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Nanoscale processes in soils: The role of mycorrhizal fungi in aggregation and phosphorus acquisition

Final Report Summary - NANOSOIL (Nanoscale processes in soils: The role of mycorrhizal fungi in aggregation and phosphorus acquisition)

The project NANOSOIL investigated into small scale properties of soils important for nutrient availability and structure.
Earth’s soils are the basis of our terrestrial ecosystems and our food production. A healthy soil consists of stable aggregates containing minerals and organic matter, so that water and air can permeate the interspaces, and the aggregated particles brave erosion. Mineral nutrients for plant growth can derive from minerals or are recycled form organic matter. To increase efficiency in agriculture, mineral fertilizers have classically been applied to croplands in excessive amounts during the last decades, but Earth’s resources of especially the macronutrient phosphorus (P) are limited. Arbuscular mycorrhizal (AM) fungi are plant root symbiotic fungi essential for optimal growth and mineral nutrient supply, especially P.

The aim of the project NANOSOIL was to understand small-scale processes of nutrient foraging by AM hyphae and their effect on and interactions with the soil environment.

Charcoal, when added to soils, is a stable compound has been found to increase plant productivity. The exact mechanistic background is not yet known; changes in soil properties as pH, water holding capacity and ion exchange capacity are most likely important factors. Nothing is known about the direct interactions between AM fungi and charcoal. Different kinds of charcoals were examined as their functions as nutrient matrices for AM fungi, AM fungal hyphae’s foraging was studied with microscopy and SEM, and nutrient uptake and symbiotic transfer was quantified via radiotracers.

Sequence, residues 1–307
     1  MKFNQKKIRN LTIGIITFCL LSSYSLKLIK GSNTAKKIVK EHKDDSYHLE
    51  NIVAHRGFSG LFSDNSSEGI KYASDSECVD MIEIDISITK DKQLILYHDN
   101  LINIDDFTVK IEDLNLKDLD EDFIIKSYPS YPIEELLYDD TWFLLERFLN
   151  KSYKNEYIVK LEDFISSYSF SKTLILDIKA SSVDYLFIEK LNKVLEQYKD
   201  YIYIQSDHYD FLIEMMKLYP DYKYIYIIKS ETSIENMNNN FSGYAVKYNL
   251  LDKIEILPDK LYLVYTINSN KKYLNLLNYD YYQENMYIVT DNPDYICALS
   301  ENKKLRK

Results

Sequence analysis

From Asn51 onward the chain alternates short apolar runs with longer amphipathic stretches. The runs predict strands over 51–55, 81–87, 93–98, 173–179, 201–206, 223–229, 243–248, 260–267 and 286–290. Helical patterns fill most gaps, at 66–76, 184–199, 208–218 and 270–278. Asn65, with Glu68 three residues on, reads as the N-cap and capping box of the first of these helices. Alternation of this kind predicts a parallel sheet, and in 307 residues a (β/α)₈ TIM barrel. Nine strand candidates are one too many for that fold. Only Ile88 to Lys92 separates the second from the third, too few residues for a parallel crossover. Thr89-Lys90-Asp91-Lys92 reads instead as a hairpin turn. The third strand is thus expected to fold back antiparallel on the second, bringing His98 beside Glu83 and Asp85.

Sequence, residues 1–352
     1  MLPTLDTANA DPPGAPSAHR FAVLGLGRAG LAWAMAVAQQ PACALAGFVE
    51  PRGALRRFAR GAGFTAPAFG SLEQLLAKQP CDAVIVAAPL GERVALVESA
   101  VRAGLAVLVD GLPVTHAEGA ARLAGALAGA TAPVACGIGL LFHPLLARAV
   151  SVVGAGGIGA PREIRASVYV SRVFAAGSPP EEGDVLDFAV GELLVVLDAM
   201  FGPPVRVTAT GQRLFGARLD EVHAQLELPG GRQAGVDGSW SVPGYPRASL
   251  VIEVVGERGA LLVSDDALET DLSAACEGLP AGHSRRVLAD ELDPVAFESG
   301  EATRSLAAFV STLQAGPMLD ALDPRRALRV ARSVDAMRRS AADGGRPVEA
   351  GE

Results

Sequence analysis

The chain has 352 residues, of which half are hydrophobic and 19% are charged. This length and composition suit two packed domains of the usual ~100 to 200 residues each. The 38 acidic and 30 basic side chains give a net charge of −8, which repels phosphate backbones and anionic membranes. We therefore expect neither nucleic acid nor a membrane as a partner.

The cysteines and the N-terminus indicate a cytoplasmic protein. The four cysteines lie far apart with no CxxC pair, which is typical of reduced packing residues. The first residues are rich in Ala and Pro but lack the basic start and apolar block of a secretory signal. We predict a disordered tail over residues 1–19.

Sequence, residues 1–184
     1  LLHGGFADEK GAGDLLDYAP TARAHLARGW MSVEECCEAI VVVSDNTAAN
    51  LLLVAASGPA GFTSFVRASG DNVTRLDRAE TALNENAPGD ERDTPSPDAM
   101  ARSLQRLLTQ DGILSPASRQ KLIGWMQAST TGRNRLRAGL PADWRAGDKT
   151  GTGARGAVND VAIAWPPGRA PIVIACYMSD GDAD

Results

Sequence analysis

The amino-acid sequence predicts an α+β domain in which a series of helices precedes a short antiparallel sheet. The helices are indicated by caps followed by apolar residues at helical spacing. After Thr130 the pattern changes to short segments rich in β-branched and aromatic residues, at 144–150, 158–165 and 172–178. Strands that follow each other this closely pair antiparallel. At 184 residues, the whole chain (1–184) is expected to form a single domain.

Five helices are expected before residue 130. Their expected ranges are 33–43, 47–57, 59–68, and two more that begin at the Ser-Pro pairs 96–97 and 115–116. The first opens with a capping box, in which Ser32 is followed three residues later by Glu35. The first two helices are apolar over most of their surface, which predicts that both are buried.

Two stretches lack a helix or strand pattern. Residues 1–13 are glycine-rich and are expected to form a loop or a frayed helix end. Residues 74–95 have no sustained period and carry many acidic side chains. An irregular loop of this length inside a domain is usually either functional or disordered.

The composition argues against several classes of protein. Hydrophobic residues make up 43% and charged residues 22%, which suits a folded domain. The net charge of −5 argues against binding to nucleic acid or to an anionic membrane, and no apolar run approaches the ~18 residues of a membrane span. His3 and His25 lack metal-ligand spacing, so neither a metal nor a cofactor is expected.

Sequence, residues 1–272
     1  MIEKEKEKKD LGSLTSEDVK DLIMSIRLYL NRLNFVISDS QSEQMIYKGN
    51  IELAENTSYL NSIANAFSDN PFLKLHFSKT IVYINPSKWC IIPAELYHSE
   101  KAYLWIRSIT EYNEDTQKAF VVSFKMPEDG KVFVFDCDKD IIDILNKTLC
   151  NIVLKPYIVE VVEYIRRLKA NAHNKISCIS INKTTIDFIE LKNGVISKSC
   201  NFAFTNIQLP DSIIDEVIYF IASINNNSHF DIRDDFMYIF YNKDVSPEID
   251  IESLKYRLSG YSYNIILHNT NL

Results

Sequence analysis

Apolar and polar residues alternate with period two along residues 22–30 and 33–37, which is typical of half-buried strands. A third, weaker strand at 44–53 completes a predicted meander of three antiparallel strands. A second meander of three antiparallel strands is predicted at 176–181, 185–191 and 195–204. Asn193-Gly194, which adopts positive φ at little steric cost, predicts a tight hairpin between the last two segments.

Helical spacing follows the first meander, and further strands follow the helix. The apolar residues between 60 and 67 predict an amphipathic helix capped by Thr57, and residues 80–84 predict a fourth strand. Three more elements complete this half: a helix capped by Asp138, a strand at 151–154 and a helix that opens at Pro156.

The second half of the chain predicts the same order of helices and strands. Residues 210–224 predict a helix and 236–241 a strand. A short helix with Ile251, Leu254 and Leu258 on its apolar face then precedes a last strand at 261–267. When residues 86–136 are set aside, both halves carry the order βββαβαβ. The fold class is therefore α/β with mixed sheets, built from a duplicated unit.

Experiments started in laboratory systems involving sterile cultures of AM fungal hyphae that were offered different types of biochars, and charcoals evaluated for their properties as nutrient matrices with quantification via a radiotracer. Experiments were continued under non-sterile soil conditions.

AM fungal (Rhizosphagus irregularis) hyphae were attracted to different types of biochar under sterile and under non-sterile conditions. Hyphal contact and attachment increased with increased nutrient surface loading of the biochar compared to its environmental nutrient conditions. AM fungal hyphae grew onto the surface of different biochar types, grew into cracks and pores and explore the interior surface, and firmly attached to surfaces. Direct hyphal contact to the biochar surface was essential for nutrient uptake, as AM fungal hyphae delivered six times more 33P to their host plant when they have direct surface contact to a labeled biochar compared to solely contact to the surrounding solution with diffusion of the label into solution (Fig. 1). This lead to the hypothesis that AM fungi are required to fully exploit biochar as a nutrient reservoir, as only hyphae, not plant roots, can reach the major parts of the biochar surface.

Biochar and AM fungi applied together yielded an additive positive growth response in Lactuca sativa plants compared to both treatments alone. However, no additive effect in mineral nutrition could be detected.